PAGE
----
For example, when I played tracks rich in high frequencies -- such as "Cradle and All," from Ani DiFrancos Not a Pretty Girl [CD, Righteous Babe RBR-007D] -- the CDs through the Theta always had a splash and tizziness up top that Id thought were parts of the recordings. Via the iLink, the Apple Lossless versions were every bit as extended in the highs, but without the splash and hash. I was surprised. "Where did the noise go?" I asked myself. "Is my transport adding this grunge? Does it have something to do with the CD?" Obviously, there were a lot of variables at play: different digital file sources ("Red Book" 16-bit/44.1kHz vs. Apple Lossless), storage methods (CD vs. the iPods internal hard drive), and playback electronics (the Theta Data Basic vs. the MSB-modified iPod through the iLink). Saying that the difference was due to one of those variables and not the others is impossible. However, the improvements I heard playing music through the iLink-based digital front end were undeniable -- the iLink system was always equal or better.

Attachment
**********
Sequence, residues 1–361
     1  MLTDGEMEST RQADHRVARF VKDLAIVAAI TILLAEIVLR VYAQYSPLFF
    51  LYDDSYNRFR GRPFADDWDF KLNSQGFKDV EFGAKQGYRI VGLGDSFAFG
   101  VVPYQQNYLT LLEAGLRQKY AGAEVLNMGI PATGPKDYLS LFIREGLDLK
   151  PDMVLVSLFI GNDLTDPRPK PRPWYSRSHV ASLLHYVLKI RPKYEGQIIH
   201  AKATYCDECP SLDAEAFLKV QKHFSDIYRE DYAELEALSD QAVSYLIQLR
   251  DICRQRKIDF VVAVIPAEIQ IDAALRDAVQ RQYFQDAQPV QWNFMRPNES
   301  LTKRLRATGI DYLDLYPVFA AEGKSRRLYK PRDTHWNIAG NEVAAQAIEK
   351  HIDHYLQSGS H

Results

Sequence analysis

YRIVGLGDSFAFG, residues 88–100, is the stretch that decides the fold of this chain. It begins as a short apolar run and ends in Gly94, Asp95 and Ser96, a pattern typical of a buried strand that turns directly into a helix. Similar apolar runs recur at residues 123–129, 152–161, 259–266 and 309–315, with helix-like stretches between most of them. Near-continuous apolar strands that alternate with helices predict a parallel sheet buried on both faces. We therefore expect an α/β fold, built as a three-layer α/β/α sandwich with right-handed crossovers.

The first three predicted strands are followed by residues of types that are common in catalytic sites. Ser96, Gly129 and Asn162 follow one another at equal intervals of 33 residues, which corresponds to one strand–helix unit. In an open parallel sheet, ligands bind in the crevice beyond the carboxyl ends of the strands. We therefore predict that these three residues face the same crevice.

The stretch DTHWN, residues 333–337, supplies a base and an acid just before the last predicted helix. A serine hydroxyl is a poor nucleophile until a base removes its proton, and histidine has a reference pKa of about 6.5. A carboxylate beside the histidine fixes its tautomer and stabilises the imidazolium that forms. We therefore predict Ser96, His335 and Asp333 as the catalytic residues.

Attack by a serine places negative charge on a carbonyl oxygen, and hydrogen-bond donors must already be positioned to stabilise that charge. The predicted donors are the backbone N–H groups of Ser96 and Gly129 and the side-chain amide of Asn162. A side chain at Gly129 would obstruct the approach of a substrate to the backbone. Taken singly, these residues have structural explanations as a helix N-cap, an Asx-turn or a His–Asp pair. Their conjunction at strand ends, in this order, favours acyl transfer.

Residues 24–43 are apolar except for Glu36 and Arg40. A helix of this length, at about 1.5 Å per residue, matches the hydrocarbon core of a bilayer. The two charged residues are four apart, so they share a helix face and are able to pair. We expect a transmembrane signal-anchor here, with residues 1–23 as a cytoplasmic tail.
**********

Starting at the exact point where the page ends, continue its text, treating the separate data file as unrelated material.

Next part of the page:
These differences were just as apparent through the midrange. When I played Quartettes cover of Gordon Lightfoots "Song for a Winters Night," from Beautiful: A Tribute to Gordon Lightfoot [CD, Borealis BCDNBM500], the singers voices were clearer, richer, and easier to discern in the mix. The highs, again, were cleaner, as if a hint of noise had been wiped away.